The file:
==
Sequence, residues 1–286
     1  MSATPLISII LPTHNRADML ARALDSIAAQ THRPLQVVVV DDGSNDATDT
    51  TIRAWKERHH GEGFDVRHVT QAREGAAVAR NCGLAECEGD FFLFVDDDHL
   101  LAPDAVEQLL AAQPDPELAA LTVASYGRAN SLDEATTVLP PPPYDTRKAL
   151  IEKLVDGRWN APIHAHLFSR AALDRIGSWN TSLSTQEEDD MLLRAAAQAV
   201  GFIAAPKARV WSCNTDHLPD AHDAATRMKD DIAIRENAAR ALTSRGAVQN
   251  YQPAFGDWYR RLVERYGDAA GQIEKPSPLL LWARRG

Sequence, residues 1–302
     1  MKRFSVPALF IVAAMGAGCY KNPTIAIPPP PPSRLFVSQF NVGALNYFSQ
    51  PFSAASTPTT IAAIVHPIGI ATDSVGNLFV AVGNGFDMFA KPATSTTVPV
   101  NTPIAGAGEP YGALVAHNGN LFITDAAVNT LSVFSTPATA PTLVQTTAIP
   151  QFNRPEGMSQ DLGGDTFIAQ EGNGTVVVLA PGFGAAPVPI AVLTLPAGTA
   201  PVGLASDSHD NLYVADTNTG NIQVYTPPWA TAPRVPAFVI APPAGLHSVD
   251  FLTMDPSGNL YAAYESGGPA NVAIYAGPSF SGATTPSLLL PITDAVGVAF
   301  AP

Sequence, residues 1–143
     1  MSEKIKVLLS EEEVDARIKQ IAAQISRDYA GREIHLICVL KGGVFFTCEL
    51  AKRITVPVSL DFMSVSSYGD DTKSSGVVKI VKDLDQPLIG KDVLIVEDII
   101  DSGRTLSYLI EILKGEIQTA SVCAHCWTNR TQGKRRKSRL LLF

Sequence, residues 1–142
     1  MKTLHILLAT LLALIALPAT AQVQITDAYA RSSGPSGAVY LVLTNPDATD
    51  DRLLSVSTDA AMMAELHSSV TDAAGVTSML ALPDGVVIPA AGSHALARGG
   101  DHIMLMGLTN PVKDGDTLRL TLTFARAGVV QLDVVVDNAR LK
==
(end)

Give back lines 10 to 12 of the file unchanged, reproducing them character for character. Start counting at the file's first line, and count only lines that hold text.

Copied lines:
    51  PFSAASTPTT IAAIVHPIGI ATDSVGNLFV AVGNGFDMFA KPATSTTVPV
   101  NTPIAGAGEP YGALVAHNGN LFITDAAVNT LSVFSTPATA PTLVQTTAIP
   151  QFNRPEGMSQ DLGGDTFIAQ EGNGTVVVLA PGFGAAPVPI AVLTLPAGTA